Weaver attended most but not all of this election season’s candidate forums but said his time was well spent on the campaign trail.
“I could’ve gone and might’ve gotten maybe two people who can vote in my district that would’ve voted for me,” Weaver said. “But I met about 150 people that can vote, and they live in my district. I had to do what was best for the campaign.”
More information about Christopher Weaver by visiting his website.
Scherwin Henry, a Gainesville native, has been married to his wife, with whom he has two children, for 43 years. His son serves in the U.S. Navy, and his daughter is an accountant for the city of Gainesville.
He has a degree in food science and is recently retired from the University of Florida as a senior biological scientist.
This is not his first entrance into politics. He’s a two-time Gainesville city commissioner who served in the District 1 seat from 2006 until 2012.
He said he feels the city commission is losing some of the momentum it gained during his term and would like to see it pick up again.
“I feel that we are losing some of the ground that we gained in the areas of economic development as well as community development and transportation,” said Henry.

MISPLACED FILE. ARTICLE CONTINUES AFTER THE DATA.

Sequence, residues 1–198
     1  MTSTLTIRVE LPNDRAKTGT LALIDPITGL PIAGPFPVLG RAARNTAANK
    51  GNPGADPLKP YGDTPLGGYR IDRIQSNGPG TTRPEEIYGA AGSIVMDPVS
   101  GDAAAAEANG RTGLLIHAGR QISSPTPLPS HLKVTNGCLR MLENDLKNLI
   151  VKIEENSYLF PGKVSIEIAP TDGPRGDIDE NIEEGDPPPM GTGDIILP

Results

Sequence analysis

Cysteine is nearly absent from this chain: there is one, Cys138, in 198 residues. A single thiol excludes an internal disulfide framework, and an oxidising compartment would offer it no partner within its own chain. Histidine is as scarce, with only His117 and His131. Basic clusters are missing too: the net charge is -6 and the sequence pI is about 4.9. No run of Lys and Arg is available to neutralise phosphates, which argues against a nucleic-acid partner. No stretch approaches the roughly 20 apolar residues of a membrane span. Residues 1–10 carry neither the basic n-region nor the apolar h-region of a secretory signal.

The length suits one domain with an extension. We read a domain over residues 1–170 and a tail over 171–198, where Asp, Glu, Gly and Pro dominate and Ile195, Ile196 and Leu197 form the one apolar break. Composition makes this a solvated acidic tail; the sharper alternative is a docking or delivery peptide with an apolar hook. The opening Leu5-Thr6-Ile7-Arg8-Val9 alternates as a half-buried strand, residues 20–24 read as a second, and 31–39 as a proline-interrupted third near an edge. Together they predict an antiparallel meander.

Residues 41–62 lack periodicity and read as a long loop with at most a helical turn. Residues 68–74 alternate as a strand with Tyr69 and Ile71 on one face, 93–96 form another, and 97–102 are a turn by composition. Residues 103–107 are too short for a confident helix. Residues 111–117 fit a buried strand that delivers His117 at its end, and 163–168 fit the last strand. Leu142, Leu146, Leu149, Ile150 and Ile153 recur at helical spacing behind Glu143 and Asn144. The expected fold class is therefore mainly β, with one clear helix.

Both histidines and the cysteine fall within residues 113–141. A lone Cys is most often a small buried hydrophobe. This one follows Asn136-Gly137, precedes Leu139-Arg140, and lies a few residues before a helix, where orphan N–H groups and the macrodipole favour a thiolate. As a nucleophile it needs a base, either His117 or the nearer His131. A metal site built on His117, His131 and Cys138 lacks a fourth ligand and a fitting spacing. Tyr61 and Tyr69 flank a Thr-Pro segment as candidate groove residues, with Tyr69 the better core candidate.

His platform includes increasing community and economic development and improving transportation.
Henry wants to see the community develop by investing in Gainesville’s children. He suggests creating apprenticeship programs through various city departments for high school students that would allow them to learn a skill.
“Those who do not desire to go to college will have a skill and be able to support themselves,” he said. “It would also be nice if we could get other businesses to allow the students to come in and even give them a stipend for being there.”
When asked if he would raise taxes to fund these projects, he said it would be a last resort. He said there are funds set aside that could be used.
“You don’t raise taxes just to raise taxes,” he said.
Henry has lived in east Gainesville his whole life and said it’s the hidden gem of Gainesville. He said he wants to see improvements in transportation for that area as well as more development to attract businesses.
More information on Scherwin Henry can be found at his campaign Facebook page.
While 23-year-old Lucas Jewell is the youngest of five candidates, he said his age shouldn’t be cause for discrimination.
“The law is such that you can be 18 and run, and a lot of people on the east side of Gainesville, particularly minorities, deal with discrimination on a regular basis,” said the former U.S. Navy Air Traffic controller.
Jewell is currently an economics student at Santa Fe College. He is originally from Jacksonville but has lived in Gainesville on and off for the past three years.
Jewell became politically active after serving in the Navy and this is his first time running in local politics.
His main focus is prevent GRU rate increases as well as new tax increases. Jewell said our high GRU rates will be his number one concern. He believes rates need to be lowered in order to help ease financial burden for east Gainesville residents and this can happen by ending the contract between the city and Gainesville Renewable Energy Center.